Shops and shoppers are slackening their recycling efforts, with the amount of packaging waste going to recycling on the slide.
Our purchases came wrapped in more than one million tonnes of packaging in 2018 and 64pc of it was recycled, but that total fell from 74pc in 2012.
The Environmental Protection Agency (EPA) has warned that the trend is going in the wrong direction and called for a renewed effort to get it back on track.
Dr Eimear Cotter said businesses and households could help by avoiding stocking and buying goods with excessive packaging.
"It sends a strong signal back to producers to innovate for reduced packaging and reusable alternatives," she said.
She said more effort must be made by waste collection firms and their customers to properly segregate packaging in their bins.
She also called for the list of packaging types that can be recycled to be reviewed and expanded as a matter of urgency.
Packaging waste includes paper, cardboard, plastic, glass, wood and metal.
While high recycling rates were achieved in glass, paper and cardboard, only a third of plastic packaging was recycled - the third year in a row the volume reduced.
Materials not recycled are sent for incineration and while the Poolbeg incinerator in Dublin produces electricity from the process, the EPA says it is still far preferable not to generate waste in the first place.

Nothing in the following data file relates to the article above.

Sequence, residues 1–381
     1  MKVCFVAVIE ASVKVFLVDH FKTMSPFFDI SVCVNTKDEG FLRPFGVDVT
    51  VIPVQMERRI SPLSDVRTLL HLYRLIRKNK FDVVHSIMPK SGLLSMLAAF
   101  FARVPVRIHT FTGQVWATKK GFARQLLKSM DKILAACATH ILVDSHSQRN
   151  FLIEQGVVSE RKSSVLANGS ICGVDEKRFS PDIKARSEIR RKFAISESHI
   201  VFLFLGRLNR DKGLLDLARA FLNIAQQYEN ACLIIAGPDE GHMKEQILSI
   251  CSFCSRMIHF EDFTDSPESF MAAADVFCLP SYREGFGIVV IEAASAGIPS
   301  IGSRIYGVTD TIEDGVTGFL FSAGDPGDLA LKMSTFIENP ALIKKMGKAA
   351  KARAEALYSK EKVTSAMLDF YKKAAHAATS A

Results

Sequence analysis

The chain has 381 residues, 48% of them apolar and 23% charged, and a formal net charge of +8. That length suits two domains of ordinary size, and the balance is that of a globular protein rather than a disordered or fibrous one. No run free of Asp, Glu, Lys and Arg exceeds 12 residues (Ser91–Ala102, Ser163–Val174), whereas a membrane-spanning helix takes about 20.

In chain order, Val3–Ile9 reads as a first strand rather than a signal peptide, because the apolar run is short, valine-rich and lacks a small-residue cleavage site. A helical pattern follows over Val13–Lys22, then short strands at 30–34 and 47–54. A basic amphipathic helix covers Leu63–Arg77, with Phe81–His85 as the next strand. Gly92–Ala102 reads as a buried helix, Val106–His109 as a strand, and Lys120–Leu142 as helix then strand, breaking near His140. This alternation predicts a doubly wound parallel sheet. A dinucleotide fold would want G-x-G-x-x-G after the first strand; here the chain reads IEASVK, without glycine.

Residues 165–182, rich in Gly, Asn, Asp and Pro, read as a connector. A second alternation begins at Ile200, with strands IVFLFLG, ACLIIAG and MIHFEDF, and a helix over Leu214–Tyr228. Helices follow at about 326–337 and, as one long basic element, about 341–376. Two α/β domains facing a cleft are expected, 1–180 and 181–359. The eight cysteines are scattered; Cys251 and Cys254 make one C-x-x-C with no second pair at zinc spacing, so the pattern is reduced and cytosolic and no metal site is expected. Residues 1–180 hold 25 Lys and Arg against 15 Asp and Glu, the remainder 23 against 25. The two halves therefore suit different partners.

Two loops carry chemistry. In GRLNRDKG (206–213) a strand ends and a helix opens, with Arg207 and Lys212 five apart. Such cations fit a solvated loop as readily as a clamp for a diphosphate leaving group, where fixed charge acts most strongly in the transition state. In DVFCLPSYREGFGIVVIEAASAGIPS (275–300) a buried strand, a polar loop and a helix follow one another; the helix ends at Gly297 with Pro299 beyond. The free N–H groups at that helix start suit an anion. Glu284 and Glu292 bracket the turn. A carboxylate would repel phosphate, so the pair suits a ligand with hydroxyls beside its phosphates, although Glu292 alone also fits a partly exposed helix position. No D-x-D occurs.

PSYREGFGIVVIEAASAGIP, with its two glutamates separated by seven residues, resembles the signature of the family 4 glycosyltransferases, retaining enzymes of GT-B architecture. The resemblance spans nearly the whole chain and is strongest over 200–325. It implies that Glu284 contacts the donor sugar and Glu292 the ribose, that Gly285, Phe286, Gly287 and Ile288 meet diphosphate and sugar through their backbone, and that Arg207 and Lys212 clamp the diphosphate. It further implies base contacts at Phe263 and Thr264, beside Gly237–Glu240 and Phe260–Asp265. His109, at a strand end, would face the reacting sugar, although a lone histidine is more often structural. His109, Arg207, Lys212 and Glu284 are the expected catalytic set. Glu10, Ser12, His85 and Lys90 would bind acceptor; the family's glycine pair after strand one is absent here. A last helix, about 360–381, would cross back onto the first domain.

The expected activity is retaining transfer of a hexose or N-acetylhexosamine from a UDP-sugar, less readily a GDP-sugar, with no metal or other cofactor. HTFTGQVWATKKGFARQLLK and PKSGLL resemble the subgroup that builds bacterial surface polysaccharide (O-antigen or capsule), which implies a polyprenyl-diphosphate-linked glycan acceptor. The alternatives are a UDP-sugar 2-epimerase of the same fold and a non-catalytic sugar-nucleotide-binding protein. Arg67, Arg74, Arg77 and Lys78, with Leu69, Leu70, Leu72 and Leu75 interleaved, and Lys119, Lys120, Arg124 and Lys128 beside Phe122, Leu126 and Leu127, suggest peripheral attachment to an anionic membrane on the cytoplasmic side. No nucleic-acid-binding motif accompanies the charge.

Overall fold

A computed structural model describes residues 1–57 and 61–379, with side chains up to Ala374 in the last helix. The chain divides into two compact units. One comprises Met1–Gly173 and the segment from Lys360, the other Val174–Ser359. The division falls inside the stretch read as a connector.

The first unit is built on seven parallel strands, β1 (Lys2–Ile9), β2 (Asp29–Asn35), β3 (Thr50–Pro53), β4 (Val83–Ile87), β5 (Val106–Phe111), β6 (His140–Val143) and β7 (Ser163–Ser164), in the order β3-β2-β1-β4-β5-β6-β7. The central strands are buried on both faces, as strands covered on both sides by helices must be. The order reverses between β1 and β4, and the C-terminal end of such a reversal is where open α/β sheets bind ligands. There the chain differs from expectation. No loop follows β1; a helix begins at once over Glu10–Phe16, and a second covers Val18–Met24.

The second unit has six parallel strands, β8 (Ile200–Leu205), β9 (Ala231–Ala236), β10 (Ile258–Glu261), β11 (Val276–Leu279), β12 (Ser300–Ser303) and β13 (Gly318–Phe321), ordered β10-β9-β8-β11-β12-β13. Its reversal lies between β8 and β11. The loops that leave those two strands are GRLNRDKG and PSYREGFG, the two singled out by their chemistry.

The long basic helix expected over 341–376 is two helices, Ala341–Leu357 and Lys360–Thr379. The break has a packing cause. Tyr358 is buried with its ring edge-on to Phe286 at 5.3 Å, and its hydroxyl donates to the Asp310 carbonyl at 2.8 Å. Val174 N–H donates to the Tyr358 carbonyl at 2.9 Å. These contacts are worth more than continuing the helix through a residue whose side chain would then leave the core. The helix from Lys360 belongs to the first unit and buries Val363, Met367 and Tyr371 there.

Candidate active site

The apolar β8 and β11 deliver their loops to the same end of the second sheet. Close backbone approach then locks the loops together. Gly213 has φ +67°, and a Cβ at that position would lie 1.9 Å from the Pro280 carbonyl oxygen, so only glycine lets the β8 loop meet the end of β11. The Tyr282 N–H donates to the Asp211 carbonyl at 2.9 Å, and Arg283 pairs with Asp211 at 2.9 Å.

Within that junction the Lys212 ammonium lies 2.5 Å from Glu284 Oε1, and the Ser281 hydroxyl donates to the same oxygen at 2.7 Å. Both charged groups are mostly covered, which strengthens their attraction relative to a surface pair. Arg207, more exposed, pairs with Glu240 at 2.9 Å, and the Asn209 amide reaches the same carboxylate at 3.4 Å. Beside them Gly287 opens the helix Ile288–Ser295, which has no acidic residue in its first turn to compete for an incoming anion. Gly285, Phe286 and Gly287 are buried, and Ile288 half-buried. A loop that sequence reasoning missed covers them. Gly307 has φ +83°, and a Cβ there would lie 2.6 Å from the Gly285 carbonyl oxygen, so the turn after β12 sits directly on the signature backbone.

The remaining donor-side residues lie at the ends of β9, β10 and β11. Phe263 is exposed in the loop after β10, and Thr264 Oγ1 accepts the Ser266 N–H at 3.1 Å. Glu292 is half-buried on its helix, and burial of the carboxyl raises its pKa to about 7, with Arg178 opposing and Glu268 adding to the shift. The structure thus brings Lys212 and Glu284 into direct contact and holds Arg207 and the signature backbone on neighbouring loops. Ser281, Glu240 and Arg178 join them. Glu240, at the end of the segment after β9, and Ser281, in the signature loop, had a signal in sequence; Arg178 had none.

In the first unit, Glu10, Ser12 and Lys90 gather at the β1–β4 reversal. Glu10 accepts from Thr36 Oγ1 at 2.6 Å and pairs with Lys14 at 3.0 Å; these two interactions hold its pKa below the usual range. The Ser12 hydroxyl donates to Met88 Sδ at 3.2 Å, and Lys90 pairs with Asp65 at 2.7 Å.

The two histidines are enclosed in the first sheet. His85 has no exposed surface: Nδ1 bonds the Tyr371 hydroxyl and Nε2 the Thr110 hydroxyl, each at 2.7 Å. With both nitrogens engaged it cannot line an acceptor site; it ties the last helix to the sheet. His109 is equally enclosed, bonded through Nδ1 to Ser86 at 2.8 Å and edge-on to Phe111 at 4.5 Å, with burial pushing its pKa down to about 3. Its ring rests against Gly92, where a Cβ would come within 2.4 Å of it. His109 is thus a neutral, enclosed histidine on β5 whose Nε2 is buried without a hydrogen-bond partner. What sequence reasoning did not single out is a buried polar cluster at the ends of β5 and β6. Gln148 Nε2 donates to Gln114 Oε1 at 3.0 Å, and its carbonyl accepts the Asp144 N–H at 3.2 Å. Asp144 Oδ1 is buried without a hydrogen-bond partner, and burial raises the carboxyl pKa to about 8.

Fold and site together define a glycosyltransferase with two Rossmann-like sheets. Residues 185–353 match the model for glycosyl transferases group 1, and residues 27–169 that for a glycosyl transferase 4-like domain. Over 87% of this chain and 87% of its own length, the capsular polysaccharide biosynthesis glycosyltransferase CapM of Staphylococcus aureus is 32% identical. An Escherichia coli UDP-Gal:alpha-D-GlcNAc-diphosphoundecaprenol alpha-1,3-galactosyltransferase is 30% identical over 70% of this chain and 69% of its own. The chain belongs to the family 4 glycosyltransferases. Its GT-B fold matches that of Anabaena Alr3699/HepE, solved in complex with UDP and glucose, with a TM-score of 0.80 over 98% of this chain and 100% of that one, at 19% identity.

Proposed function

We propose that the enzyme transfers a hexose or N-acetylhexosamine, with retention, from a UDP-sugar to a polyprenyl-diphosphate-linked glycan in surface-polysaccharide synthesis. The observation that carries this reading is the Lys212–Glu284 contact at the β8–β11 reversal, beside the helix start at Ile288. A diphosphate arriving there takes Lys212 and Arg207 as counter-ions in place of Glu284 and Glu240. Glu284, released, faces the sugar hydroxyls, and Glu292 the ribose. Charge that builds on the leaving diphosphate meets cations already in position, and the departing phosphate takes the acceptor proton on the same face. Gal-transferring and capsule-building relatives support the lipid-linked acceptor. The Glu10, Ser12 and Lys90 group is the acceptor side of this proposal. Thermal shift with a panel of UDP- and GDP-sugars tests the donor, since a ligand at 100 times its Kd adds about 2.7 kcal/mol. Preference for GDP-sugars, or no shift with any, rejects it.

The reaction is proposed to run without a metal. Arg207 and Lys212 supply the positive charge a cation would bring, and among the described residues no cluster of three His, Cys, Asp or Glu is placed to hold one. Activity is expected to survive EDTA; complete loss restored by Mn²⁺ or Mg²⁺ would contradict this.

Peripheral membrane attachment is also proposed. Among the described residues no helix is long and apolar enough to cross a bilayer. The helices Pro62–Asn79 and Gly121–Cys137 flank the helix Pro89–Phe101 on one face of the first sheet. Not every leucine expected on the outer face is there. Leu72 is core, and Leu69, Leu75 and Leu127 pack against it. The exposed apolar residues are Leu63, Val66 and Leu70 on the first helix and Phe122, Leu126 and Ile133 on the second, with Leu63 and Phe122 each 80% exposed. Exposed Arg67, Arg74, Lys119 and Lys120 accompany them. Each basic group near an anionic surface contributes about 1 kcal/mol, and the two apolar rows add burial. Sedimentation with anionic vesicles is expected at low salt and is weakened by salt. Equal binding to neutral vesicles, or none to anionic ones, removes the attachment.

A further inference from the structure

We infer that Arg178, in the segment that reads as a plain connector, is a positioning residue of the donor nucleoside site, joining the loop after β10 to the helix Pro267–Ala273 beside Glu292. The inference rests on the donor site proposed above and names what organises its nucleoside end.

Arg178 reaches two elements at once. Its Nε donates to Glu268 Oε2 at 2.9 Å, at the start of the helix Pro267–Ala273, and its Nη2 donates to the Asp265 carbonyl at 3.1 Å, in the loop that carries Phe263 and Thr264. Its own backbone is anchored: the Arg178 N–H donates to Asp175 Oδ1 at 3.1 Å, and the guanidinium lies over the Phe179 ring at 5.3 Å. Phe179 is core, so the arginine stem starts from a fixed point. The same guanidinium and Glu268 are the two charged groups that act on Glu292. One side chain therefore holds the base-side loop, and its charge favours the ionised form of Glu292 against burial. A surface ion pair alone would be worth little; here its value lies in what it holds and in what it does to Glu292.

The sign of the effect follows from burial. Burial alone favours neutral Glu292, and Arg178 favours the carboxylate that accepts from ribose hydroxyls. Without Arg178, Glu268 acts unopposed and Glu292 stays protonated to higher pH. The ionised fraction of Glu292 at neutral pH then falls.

"Each tonne of packaging releases greenhouse gases during extraction of raw materials, manufacture, transport and waste management," said EPA scientist Dr Tara Higgins.
"The quantity of packaging waste generated needs to be reduced to bring about environmental and climate benefits."
About a third of all the waste that ends up in household bins is from packaging.
The million tonnes of packaging we collectively generate in a year works out at 214kg for each person, including 86kg of paper and cardboard, 54kg of plastic, 34kg of glass, 25kg of wood, 12kg of metal and 2kg of textiles.
Ireland is currently meeting EU recycling targets but they will be increasing over the coming years, which the EPA warns will be "challenging".
For example, while we recycled 64pc in 2018, that cannot be allowed to fall any further as we must achieve 65pc by 2025 and 70pc by 2030.
There are separate targets for recycling plastic. We recycle 31pc of it now but that will have to increase to 50pc by 2025 and 55pc by 2030.
The Government is working on a new waste strategy but has said it wants to make it easier for the general public to recycle.
One thing it plans to do is make it clearer what exactly can be recycled as, while lots of plastic containers and wrappers have symbols on them, it's not always easy to know what they mean. Some packaging has no symbols at all even though it can be recycled, which adds to the confusion.